Reader’s Response #4

Reclaiming Indigenous Voice and Vision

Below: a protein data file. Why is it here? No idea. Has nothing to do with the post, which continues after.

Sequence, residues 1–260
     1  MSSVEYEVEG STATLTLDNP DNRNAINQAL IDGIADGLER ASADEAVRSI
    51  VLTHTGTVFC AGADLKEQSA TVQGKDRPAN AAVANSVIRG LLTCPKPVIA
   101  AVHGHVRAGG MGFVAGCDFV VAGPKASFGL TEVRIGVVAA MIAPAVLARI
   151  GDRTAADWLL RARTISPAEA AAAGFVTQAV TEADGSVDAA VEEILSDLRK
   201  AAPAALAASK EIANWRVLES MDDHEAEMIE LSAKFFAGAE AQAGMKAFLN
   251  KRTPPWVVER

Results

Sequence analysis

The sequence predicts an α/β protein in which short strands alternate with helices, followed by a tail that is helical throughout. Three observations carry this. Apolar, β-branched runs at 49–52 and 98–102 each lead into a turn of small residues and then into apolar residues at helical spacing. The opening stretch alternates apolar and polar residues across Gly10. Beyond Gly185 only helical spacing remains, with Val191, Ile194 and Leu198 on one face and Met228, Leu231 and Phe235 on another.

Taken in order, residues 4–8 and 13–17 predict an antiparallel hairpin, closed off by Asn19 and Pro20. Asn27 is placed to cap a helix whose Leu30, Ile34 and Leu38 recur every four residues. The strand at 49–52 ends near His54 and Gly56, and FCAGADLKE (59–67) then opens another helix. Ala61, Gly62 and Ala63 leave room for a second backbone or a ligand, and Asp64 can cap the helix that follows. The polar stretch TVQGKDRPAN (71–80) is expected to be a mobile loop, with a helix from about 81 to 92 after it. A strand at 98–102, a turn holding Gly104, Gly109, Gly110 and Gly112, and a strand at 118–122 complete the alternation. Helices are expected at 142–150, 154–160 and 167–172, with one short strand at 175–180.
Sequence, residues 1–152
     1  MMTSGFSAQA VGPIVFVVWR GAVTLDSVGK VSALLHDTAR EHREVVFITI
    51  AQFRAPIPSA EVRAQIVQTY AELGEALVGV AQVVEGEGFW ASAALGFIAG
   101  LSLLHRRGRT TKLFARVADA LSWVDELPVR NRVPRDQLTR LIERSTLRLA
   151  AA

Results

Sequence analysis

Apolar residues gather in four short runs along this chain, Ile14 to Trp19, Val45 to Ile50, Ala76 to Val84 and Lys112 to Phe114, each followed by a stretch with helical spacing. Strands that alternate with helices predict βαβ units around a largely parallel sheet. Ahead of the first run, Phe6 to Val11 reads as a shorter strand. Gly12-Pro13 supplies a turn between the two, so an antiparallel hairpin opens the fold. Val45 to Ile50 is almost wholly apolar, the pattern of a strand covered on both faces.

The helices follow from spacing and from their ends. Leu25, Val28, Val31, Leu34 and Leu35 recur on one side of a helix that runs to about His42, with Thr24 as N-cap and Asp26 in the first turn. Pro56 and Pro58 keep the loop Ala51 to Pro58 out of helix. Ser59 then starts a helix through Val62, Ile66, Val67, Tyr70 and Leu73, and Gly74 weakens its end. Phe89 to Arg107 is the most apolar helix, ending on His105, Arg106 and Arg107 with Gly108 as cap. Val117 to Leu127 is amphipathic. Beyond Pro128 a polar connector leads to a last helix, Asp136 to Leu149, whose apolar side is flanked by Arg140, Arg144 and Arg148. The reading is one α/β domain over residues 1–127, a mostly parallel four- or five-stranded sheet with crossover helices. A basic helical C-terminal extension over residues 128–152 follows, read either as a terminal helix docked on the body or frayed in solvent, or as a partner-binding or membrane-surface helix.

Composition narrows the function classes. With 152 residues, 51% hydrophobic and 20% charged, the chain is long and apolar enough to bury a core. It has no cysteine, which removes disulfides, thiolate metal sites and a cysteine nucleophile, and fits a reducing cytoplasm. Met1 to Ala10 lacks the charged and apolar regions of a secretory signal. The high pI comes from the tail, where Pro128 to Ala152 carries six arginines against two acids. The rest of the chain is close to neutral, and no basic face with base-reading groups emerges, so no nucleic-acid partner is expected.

After reading Jagged Worldview Colliding it made me realize that there are many different ways a person may view the world they live in. It really interested me to read that an aspect if the aboriginal (holistic) worldview is that everything has spirit and knowledge and therefore are considered to be one’s relations. I had never seen the things on earth such as trees as anything more than a plant prior to reading this. I had never thought of these trees having a spirit or being valued so much by a group of people. After reading this part of the text it caused me to look at the world around me through a slightly different lens now that I considered how other people view it. It made me do things such as litter less and appreciate the nature that surrounds me on a daily basis. Also, reading about the values the aboriginal worldview holds such as, strength, sharing, honesty, and kindness surprised me because the western worldview that I hold does not value these things. I can now see how much more peaceful and beneficial these values could be for a culture though and how valuing these things would prevent many conflicts among communities. There are so many more aspects of the aboriginal worldview that I found to be truly moving. Reading that they value love, easy-goingness, praise, and gratefulness intrigues me because these values are so different than the things that I have been taught to value. Honestly, I wish that the western worldview could have incorporated some of these values because I feel as though, as a culture, we would benefit greatly from the valuing of things such as kindness and love instead of wealth and greed. The western worldview and the way it values the class system, science, and objectivity really makes it seem emotionally inferior in a way when comparing it to the aboriginal worldview. This was displayed when the reading pointed out that aboriginal communities did not need things such as police forces because they had mutual values and this included peace among the people. While, in the western culture police forces are necessary because there is so much conflict throughout the communities. This conflict can be directly traced back to the worldview held by the society the people are a part of. Though the western worldview does have its faults, the scientific based aspect of it has developed our society extremely and without this we would not live in the technologically advanced world we live in today. This reading has shown me that both worldviews have their pros and cons and there are aspects of both that can benefit a society. Reading about the aboriginal of looking at the world made me see how different it is from mine and it made me realize that I should be more open minded. I should consider that there are worldviews that are different than my own and instead of being close minded and ethnocentric in a way I should embrace and try to understand these other worldviews.